Friday, November 21, 2014

Building an "Attitude of Gratitude" in our Children

Our Peace Classes in Pre-K, Kindergarten, and First Grade this week have been focused on the words gratitude, feeling grateful and being thankful. While many children know what it means to be thankful, less have been familiar with the word grateful. Even less have recognized the word gratitude. At this age, it's a perfect time to have this important vocabulary lesson. But moving beyond vocabulary, we've read stories and had discussions around these words and how to live them. The kids have made gratitude leaf garlands (kindergarten), thankful picture frames (pre-k), and written in their Peace Journals about feeling grateful (first grade). In each class we have talked about how these feelings are so important to have each day. We've talked a bit about another gr- word that we DON'T want to be: greedy. 

As we prepare for Thanksgiving, this holiday is a good reminder for us of all we have to be thankful for. As parents, we can help our children in this regard by having regular discussions of all that we are thankful for. Do you regularly model an attitude of gratitude for your little ones? Do your children write thank-you notes to others? Do your kids understand that other children, even in this very same city, do not live the lives we do? The more we can remind our children of their good fortune, show them examples of helping others less fortunate, and talk about our gratitude, the more they will develop their own attitudes of gratitude and the less greedy they will become.

Have a wonderful Thanksgiving holiday with your families!

Monday, November 10, 2014

National School Psychology Awareness Week: November 10-14, 2014

National School Psychology Awareness Week: November 10-14, 2014

Helping Staff and Families Support Students to Thrive in School and Beyond

As parents and educators, we share the goal to help our children thrive in school, at home, and in life. This includes ensuring their safety and well-being, helping them build positive relationships, providing opportunities to gain new knowledge and skills, and encouraging them to take on challenges and persevere when things get tough. Working together, we can promote their competence, achievement, and resiliency.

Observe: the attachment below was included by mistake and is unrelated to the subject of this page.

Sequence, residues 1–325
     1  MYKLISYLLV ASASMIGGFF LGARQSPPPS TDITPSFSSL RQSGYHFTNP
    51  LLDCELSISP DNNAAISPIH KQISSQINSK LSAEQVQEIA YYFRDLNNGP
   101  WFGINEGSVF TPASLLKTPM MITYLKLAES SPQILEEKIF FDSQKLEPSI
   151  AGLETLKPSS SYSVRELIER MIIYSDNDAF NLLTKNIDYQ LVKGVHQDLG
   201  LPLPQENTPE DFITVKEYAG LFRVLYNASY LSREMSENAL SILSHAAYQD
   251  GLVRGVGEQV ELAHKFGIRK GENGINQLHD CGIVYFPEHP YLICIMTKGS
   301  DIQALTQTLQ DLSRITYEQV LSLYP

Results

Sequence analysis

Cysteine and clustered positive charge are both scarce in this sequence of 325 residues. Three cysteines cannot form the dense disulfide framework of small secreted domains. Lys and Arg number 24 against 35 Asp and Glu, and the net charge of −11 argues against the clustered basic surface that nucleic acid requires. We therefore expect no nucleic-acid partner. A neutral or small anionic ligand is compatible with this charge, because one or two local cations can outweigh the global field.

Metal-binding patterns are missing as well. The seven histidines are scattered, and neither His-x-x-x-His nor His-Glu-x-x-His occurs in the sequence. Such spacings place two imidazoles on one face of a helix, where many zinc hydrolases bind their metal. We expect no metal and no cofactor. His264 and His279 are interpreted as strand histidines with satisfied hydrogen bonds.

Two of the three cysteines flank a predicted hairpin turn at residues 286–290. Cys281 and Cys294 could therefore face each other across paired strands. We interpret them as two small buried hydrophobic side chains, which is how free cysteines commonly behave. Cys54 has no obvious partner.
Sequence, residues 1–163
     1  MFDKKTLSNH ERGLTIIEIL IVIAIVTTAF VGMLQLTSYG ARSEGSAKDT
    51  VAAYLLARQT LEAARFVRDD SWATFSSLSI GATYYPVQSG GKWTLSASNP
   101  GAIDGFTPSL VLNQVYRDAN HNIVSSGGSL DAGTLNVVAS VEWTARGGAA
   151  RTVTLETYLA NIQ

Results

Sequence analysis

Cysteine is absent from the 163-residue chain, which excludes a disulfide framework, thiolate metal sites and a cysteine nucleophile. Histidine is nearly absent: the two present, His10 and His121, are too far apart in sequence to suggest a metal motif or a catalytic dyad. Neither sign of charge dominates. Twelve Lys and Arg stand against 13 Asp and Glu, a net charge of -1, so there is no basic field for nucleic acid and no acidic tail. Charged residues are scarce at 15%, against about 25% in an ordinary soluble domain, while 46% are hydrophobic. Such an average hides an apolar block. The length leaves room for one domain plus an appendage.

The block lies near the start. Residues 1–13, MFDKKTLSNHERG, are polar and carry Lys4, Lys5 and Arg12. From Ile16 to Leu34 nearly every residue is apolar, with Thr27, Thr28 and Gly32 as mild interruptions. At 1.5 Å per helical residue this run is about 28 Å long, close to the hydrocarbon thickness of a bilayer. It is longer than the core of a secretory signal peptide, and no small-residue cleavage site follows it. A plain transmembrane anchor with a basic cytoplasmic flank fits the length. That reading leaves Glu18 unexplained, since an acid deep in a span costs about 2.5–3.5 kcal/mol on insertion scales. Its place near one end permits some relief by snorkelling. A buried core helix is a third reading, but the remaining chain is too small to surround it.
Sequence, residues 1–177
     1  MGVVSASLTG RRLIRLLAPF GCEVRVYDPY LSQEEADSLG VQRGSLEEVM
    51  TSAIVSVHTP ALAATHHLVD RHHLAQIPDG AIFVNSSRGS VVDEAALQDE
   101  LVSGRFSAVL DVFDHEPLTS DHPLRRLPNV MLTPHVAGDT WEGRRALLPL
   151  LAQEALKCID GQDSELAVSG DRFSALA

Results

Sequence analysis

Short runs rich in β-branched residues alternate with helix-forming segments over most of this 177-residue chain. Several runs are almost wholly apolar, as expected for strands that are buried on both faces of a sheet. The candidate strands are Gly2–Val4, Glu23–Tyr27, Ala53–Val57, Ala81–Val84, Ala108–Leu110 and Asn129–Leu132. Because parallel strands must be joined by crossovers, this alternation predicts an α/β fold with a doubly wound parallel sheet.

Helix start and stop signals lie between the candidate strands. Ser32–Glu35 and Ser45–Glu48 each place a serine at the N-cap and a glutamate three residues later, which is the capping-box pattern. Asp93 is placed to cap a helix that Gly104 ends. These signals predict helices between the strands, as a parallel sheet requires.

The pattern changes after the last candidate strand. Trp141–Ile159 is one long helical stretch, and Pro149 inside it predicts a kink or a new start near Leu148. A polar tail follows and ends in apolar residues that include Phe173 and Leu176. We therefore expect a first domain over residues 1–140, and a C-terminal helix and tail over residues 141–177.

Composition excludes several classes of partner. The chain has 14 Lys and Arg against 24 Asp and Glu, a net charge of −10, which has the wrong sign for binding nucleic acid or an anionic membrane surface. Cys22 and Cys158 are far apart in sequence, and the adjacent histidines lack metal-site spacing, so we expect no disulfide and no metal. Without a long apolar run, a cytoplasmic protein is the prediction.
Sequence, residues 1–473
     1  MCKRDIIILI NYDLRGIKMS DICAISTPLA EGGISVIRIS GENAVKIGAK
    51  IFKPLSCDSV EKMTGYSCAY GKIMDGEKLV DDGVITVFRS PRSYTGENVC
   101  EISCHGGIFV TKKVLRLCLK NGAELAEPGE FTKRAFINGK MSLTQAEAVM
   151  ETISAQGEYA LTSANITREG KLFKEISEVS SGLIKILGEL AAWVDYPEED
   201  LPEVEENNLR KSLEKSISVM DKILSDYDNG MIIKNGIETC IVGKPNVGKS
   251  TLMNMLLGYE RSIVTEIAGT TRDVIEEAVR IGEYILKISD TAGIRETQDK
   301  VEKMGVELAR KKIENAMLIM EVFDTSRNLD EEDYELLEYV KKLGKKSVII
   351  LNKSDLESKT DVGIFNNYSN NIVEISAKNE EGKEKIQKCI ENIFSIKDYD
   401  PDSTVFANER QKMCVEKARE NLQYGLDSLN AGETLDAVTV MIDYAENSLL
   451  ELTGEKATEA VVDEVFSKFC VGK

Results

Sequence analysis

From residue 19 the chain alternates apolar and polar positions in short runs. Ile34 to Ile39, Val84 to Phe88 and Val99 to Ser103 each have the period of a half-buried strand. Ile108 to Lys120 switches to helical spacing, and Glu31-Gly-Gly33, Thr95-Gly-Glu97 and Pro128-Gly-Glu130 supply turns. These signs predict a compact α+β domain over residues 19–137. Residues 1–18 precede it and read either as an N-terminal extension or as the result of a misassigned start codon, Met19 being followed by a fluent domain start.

Wednesday, November 5, 2014

Peace Club is more popular than ever!

If you have a child in second grade or up you may have heard them talk about Peace Club.  Peace Club is different from the weekly Peace Classes that all of the kids at Lafayette take.  Peace Club is a special alternative lunch and recess program for 2nd - 5th graders.  It is a mixed-age group of anywhere from 20-50 kids that has become popular with kids who sometimes struggle with social skills, with kids who love to do arts and crafts, with kids who love to play with legos and magna-tiles and kids who like to be in a smaller environment with a higher teacher-child ratio.  Peace Club is led by Peace Teacher Linda Ryden, and the school counselors Jillian Diesner and Rashida Mosby.

Everyone who comes to Peace Club makes a promise to treat everyone else with kindness and respect,  to make sure that conflicts are worked out peacefully, and that everyone is included.  Some older children are asked to be Peace Club helpers.  If you were to drop by Peace Club you would probably be surprised by how noisy it is.  It is not "peaceful" on the surface.  But there is so much going on there that is contributing to making Lafayette a more peaceful place.  The children eat lunch together getting to know children in other grades and classes.  After lunch they have lots of options designed to encourage cooperation and social interactions.  Some children choose to make the wonderful peace posters that line the halls at Lafayette.  Many children choose to join together to make fantastic structures.  Some children play board games or guessing games or Twister. Peace Club is a welcoming community-within-a-community at Lafayette.

Check out this slideshow for a glimpse of the fun that is Peace Club!